Category Archives: Electronics

Grandfather’s Power Supply Repair

My grandfather recently passed away and I was honored to inherit some of his electronics equipment. I could write a book about my grandfather and no blog post could do justice to how amazing his life nor how unquenchable his love of building and creating was. Included in what he left to me were several power supplies, one of which wasn’t working when I got it home:

20130719_153236

It’s got a switch for changing between 14V and 28V and there’s a label indicating that it’s a 9A power supply he created in 1998. I decided it would be a pretty fitting task to repair it and so set about taking the thing apart. Here’s a picture with the casing off:

20130718_195920

You can immediately see the transformer and rectifier as well as a very large smoothing capacitor. Alongside that there’s a board with the voltage regulation circuitry with the current sense resistor and trimpots for tuning the voltage to 14V and 28V. Along the bottom is a large heatsink where the power transistors are, which look like this:

20130718_192823

I suspected these or the capacitor first. I don’t have much experience working on power supplies but figured they were the most likely culprits to fail. After some testing though, I started to suspect the voltage regular chip itself. A quick google for the chip got me the data sheet  and I was able to toss together a quick test circuit using parts I knew to be good.

20130716_191639

This turned out to be the right track as I wasn’t able to get things working, so I was hopeful when I found a modern replacement for the chip for $0.60 and ordered one up. With that on the board and everything reattached the power supply was working again.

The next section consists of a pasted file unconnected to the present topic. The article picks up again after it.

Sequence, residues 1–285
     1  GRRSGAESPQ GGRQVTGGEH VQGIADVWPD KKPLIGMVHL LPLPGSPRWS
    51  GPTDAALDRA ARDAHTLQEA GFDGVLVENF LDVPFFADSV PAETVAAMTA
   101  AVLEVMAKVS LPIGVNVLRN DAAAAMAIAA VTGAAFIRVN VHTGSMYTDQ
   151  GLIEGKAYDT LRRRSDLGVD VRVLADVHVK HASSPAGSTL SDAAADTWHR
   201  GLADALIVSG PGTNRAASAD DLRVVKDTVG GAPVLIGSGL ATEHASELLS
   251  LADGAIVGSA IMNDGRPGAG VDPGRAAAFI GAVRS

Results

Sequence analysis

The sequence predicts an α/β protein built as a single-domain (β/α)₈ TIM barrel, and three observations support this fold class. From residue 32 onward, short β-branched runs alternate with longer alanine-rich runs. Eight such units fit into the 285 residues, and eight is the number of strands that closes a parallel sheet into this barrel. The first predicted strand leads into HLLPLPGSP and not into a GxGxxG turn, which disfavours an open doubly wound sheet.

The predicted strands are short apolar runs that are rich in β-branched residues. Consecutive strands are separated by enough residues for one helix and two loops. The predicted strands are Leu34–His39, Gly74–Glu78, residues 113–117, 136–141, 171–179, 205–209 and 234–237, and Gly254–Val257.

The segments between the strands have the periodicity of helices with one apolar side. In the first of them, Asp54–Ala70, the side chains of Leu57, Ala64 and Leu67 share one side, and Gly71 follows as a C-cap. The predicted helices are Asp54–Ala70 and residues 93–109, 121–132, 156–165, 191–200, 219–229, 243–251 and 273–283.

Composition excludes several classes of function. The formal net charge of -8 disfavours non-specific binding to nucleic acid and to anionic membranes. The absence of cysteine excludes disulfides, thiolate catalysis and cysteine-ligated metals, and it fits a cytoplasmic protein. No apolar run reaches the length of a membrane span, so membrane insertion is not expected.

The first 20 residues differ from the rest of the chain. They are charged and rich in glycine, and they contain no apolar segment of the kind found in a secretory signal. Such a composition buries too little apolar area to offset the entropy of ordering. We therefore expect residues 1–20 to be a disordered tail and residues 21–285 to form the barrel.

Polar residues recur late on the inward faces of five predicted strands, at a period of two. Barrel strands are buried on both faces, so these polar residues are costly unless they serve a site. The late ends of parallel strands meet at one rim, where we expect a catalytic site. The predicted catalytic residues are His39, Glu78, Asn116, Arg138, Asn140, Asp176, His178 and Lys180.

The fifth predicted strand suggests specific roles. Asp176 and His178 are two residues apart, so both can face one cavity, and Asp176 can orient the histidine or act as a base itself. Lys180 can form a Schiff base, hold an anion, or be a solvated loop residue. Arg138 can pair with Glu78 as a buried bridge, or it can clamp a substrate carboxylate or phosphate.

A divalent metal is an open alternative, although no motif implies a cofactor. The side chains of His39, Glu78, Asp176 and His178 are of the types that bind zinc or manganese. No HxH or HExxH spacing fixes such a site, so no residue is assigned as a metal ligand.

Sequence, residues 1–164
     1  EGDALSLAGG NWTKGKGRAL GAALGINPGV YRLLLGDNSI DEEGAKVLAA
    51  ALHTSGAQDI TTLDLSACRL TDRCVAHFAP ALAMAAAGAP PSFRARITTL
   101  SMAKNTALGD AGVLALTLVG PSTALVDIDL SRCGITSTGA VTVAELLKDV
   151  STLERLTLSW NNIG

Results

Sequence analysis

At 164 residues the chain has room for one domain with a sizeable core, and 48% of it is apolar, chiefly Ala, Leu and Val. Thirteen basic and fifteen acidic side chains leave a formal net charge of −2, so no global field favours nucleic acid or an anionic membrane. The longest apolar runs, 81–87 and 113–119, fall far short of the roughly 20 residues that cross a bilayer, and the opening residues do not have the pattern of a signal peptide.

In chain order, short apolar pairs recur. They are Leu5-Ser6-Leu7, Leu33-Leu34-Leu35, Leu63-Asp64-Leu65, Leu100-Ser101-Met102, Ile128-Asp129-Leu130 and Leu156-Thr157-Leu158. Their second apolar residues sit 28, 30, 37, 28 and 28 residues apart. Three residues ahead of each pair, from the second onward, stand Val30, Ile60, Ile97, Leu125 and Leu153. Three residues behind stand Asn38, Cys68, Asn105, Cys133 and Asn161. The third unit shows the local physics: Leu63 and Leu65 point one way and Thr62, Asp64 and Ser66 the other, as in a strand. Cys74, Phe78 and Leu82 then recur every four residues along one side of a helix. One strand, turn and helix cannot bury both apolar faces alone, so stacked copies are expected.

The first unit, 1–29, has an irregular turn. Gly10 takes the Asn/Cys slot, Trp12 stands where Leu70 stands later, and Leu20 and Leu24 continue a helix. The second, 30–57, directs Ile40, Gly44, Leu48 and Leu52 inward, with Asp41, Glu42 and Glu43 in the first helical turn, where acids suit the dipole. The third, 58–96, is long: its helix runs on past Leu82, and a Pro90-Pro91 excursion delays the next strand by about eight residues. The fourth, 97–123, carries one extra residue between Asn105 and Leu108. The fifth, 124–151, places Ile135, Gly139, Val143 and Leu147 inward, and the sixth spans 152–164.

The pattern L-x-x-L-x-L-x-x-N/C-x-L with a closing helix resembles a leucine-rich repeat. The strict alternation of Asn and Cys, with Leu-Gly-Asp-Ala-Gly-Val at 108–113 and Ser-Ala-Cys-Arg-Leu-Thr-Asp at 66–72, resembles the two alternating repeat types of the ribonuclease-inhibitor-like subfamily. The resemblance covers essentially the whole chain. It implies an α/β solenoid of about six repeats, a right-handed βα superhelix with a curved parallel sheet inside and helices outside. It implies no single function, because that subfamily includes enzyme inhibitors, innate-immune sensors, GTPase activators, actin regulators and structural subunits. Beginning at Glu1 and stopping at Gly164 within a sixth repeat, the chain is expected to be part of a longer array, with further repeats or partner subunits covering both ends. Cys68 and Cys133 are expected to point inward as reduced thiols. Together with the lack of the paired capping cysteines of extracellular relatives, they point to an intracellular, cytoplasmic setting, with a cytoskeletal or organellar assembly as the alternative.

20130718_192858

20130718_185824

This was only one of the power supplies he left behind and I’m hoping to take some pictures of the others and their insides for a future post.

Kitchen Table Robotics

This past Christmas was an Arduino Christmas for me. I got a couple of Arduinos and some accessories and it’s taken off into quite an obsessive hobby, completely taking over my kitchen table (We live in a small apartment). Anybody who gets into electronics through the Arduino will probably decide to build some kind of robot at some point in their adventures. For me the goal was to provide some kind of structure to my electronics/microcontroller tinkering. Similarly, when I’d like to learn a new programming language or framework, I pick a project to implement. To test the waters I picked out the cheapest kit/parts I could find and dove into seeing what I could do with it.

Basic Platform

I started with the Tamiya Tracked Vehicle Chassis and the Tamiya Twin Motor Gearbox. Eventually I swapped out the motors for the higher voltage Solarbotics RM3 and picked up a couple of Tamiya Universal Plates to support the electronics and batteries.

A tracked chassis seemed easier to start with due to the differential drive. To learn as much as possible along the way I decided to build my own basic motor controller based on the SN74410. I then added some back-emf sensing after stumbling upon this post. The post explains the details, but basically on each motor there’s a pair of voltage dividers connected to an analog pad on the Arduino. Every 100ms the software stops the motors, pauses for 2ms so things can settle and then samples the voltage on that motor for 2ms more. That average is proportional to the physical speed of the motor and with some calibration we can match speeds of the motors, among other things.